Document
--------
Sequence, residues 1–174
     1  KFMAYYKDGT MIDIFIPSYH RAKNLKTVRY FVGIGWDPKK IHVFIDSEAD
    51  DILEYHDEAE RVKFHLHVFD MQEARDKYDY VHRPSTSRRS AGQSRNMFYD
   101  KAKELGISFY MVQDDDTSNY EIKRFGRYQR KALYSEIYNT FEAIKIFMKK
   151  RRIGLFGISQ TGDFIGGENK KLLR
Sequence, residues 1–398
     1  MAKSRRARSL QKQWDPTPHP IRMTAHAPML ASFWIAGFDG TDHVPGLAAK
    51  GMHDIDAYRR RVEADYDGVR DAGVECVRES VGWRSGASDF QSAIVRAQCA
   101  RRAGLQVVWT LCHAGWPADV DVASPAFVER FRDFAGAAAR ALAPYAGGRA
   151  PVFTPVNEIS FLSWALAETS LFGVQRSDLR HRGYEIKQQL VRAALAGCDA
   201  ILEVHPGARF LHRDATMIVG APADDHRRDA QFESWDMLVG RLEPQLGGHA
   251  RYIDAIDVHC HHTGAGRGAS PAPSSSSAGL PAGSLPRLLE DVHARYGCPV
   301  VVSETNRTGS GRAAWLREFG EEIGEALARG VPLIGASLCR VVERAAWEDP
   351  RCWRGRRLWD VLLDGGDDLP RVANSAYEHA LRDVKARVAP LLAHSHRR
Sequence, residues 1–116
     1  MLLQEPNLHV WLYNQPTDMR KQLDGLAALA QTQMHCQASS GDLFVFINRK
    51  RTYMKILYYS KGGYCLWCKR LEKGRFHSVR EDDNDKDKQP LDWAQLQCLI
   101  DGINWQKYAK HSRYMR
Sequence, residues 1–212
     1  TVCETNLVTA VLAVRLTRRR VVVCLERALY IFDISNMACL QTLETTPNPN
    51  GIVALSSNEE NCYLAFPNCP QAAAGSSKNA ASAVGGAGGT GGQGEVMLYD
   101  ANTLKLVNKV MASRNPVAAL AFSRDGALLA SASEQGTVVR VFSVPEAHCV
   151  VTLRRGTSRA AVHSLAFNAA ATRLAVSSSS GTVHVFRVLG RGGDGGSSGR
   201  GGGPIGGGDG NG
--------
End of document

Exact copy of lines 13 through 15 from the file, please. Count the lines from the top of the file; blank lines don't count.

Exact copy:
   301  VVSETNRTGS GRAAWLREFG EEIGEALARG VPLIGASLCR VVERAAWEDP
   351  RCWRGRRLWD VLLDGGDDLP RVANSAYEHA LRDVKARVAP LLAHSHRR
Sequence, residues 1–116